uedauhes

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About uedauhes

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  1. I don't think its the processing power. I think its a lack of people who are knowledgeable about integrating the state of the art in AI in games. It takes a lot of processing power to create models. This is not a problem because you can do this during the development process where is is available and doesn't have to be done real-time. Actually running models in game is not really that expensive. Some games like chess do require lots of processing power in game. That is because they are searching a known state space. The state space is not typically known in most modern games so these computationally intensive techniques are not applicable. I would compare AI in most games more to AI for robots than for puzzle games. There are a set of percepts and a set of actions. The goal is to map a percept vector to an action at each decision point. This mapping is very expensive to develop, but very cheap to implement in game. I think its more about deciding which AI algorithms are appropriate for various applications in games. A mob in a game could use many differnt AI paradigms: - Stimulus Response - Reinforcment Learning - Emergent Swarm - ANN - GA - Decision Tree - Expert System ... etc It really the knowledge about which methods are appropriate for individual application that is lacking.
  2. There doesn't seem to be a very active gaming AI community here (but still the most active I have found). Is there anyone here that has worked on, or knows of, a commercial gaming project that has utilized machine learning in its development? Just trying to get a feel for the current state of the art.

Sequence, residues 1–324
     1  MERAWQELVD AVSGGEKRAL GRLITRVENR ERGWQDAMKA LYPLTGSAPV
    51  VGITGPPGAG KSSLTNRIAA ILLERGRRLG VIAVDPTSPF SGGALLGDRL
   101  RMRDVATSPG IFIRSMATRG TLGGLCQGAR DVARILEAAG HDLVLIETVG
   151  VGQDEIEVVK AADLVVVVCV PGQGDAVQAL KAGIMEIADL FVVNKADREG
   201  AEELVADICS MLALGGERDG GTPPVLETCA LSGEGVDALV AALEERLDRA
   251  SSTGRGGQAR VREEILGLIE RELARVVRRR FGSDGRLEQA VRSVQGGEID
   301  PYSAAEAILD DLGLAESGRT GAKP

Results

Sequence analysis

3. Need help starting a simple AI program

    Unfortunately, AI is a very complicated, mathmatically intensive subject matter. At this time I don't know of any short cuts to implementing AI solutions where the details are hidden from you (like sorting). If you are interested in delving into the details, research the reinforcement learning solution to tic-tac-toe: Here is one article: http://www.cs.ualberta.ca/~sutton/book/1/node5.html or try here: http://www.google.com/search?num=100&hl=en&lr=&safe=off&q=tic+tac+toe+reinforcement+learning&btnG=Search
  4. Quote:Original post by fup IMO physics is going to be the next big thing. Us AI guys will have to wait a little bit longer... I agree. It takes a lot more work to make a noticeable difference in AI compared with the difference that you can see from better physics.
  5. AI Sandbox

    Is there any kind of sandbox that is designed with the experimentation and development and of game AI in mind? Something geared towards implementation of various AI models that actually allows you to experience your results through game play? If not then how do the developers here create and test their AI models?
  6. Application for genetic algorithm in games